To Help or Not To Help
Recently, I had the opportunity to “help” my son, Graham. Well, I thought I was being helpful. Now, I’m not so sure. You see, he was leaving for a 3 day school trip to Jekyll Island where he would study marshes, explore the history of the island, and learn to seine. (Seining involves using a dragnet. Yeah, I didn’t know what it was either.) So this was a pretty exciting trip for my 12 year old.
The night before he was to leave, he was bombarded by homework, so that’s where my “helpful” nature stepped in. While he studied away, I took the packing list and headed to his room to get him ready. I about wore that list out, making sure he had all he needed for the trip. After gathering everything together, we worked together, putting everything into the duffel bag. (Of course, he was also checking to make sure I hadn’t given him any uncool outfits.) With everything packed and ready to go, we headed to bed only to rise early for the 6 am loading of the bus. After putting him on the bus, I stood around waiting to wave them off. There were over 200 7th grade kids going on the trip and I quickly noticed that they’d segregated the boys and girls. I spoke to Graham’s teacher, Mrs. Barrett, who’d been assigned (drew the short straw?) to one of the boys’ buses.
“So, Mrs. Barrett, are you riding with the boys?”
“I’ll be praying for you.” [Chuckle.]
“We’re just hoping they shower every night,” she said.
“Or at least change their underwear,” I responded.
As I was enjoying my joke, I heard my words again… underwear …underwear… underwear.
Oh, my. Oh, no! Yep, you guessed it. It wasn’t on the list, so it didn’t make it in the duffel bag!
I stood there looking up at Graham on the bus and wondered, “Do I have time to go home and get him some underwear?” No. Even if I did, how would I get them to him? Would I walk back on the bus and hand my 7th grade son a bag of underwear? I don’t think so. Then I started wondering, “Does he know he can wash the pair he’s wearing every night? Does he know he can at least turn them inside out? Will he just go commando?”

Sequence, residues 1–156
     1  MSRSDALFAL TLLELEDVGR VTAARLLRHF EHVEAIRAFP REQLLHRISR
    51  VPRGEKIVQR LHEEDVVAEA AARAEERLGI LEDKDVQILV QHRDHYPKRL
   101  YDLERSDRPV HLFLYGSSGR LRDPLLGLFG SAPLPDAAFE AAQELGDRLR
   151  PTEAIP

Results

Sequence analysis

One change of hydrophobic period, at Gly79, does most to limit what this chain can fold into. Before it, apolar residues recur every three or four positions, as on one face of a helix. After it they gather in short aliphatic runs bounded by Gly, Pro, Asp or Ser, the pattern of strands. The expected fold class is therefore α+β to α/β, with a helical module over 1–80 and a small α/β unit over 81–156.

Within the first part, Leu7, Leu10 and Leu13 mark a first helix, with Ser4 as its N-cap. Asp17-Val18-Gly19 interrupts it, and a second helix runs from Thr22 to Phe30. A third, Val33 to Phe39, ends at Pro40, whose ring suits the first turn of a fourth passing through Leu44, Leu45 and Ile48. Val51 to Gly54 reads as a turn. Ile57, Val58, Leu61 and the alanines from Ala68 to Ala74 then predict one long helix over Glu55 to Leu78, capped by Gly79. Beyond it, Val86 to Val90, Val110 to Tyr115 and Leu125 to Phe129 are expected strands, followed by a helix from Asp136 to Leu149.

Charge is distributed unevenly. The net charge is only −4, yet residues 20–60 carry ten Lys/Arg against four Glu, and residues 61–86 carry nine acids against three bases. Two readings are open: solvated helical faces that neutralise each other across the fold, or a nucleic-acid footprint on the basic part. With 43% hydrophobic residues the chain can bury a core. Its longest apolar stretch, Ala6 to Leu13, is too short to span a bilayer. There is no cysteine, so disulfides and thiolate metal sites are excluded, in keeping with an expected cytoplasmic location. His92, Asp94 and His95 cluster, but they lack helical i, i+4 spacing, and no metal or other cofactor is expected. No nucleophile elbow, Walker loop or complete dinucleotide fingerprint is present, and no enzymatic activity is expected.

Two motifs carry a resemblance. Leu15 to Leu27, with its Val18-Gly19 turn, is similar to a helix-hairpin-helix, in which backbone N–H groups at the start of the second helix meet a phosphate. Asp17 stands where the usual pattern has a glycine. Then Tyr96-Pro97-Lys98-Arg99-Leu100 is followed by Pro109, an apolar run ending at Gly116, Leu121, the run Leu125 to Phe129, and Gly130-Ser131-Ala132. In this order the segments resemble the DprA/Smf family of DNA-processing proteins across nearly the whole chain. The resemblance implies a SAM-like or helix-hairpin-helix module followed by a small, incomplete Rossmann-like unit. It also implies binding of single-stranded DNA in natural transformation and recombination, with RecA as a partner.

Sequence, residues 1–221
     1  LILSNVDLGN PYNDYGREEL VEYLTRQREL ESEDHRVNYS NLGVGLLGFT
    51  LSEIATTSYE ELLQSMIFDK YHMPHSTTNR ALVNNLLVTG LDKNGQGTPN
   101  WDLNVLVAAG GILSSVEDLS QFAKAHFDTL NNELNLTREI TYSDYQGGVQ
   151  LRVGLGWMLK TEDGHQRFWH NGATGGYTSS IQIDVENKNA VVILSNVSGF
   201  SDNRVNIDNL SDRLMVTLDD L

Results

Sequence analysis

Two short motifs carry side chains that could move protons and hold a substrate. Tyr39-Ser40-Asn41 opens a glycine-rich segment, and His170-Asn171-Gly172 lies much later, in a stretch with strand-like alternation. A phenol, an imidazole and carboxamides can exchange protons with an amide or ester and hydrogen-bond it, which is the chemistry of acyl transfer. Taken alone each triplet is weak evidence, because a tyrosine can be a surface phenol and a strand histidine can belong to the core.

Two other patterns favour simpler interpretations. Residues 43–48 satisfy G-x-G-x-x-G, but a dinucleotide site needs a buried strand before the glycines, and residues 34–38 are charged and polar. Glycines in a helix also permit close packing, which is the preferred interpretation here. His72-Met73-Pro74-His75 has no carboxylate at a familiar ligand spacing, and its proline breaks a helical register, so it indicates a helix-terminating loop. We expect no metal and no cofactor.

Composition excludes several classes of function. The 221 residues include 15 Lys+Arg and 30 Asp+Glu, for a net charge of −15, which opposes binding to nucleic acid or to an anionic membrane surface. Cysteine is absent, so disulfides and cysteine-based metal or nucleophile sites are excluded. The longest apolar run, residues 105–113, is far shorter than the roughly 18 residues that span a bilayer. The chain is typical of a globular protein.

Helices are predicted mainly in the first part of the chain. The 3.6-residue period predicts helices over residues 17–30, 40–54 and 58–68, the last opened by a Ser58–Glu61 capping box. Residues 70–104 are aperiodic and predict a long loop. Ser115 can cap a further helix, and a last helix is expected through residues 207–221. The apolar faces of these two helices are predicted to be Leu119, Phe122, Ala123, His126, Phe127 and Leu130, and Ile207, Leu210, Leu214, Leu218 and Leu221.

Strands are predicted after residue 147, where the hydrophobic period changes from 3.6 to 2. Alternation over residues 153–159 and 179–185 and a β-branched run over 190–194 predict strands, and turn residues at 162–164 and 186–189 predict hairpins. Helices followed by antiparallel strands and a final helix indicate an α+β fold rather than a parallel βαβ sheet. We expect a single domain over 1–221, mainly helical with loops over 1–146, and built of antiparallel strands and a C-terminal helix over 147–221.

I felt helpless, which is weird, because I’d been so “helpful.” I waved as the bus pulled away and silently prayed that my son wouldn’t hate me when he made the eventual discovery.
Three days passed with no communication from him. (Not because he hated me but because the kids couldn’t call home.) I picked him up that Friday afternoon, and as soon as we were in the car, I got the answers to my many questions: No, he didn’t know he could wash them. No, he didn’t turn them inside out; they’d gotten wet in the ocean the day they arrived. Yes, he’d gone commando. No, he didn’t hate me. In fact, he showed incredible maturity in the way he handled the entire situation.
I learned something that day. My son may still be my baby, but I don’t need to treat him like one. He’s maturing and he can handle his own responsibilities. Yes, I was trying to be helpful, but I may have robbed him of the opportunity to grow up a little more.
A few days after Graham returned home, I headed to the airport for a quick trip to DC. On the way there, I got a phone call from my 8 year old daughter, Hannah. “Mom, did you pack your underwear?”